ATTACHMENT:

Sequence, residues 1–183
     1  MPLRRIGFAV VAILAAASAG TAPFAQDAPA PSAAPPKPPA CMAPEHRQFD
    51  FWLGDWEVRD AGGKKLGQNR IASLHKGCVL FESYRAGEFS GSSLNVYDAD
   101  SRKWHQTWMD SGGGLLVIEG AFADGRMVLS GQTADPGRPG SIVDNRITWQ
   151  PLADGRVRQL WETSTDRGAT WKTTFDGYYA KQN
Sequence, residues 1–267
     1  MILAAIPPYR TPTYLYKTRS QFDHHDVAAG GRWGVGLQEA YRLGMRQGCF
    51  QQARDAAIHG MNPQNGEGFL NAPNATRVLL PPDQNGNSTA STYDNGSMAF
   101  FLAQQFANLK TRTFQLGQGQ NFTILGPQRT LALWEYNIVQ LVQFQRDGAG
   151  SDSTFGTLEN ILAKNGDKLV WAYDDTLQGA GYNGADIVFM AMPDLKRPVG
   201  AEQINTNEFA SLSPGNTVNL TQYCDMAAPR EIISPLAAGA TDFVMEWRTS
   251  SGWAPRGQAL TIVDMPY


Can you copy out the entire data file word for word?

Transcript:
Sequence, residues 1–183
     1  MPLRRIGFAV VAILAAASAG TAPFAQDAPA PSAAPPKPPA CMAPEHRQFD
    51  FWLGDWEVRD AGGKKLGQNR IASLHKGCVL FESYRAGEFS GSSLNVYDAD
   101  SRKWHQTWMD SGGGLLVIEG AFADGRMVLS GQTADPGRPG SIVDNRITWQ
   151  PLADGRVRQL WETSTDRGAT WKTTFDGYYA KQN
Sequence, residues 1–267
     1  MILAAIPPYR TPTYLYKTRS QFDHHDVAAG GRWGVGLQEA YRLGMRQGCF
    51  QQARDAAIHG MNPQNGEGFL NAPNATRVLL PPDQNGNSTA STYDNGSMAF
   101  FLAQQFANLK TRTFQLGQGQ NFTILGPQRT LALWEYNIVQ LVQFQRDGAG
   151  SDSTFGTLEN ILAKNGDKLV WAYDDTLQGA GYNGADIVFM AMPDLKRPVG
   201  AEQINTNEFA SLSPGNTVNL TQYCDMAAPR EIISPLAAGA TDFVMEWRTS
   251  SGWAPRGQAL TIVDMPY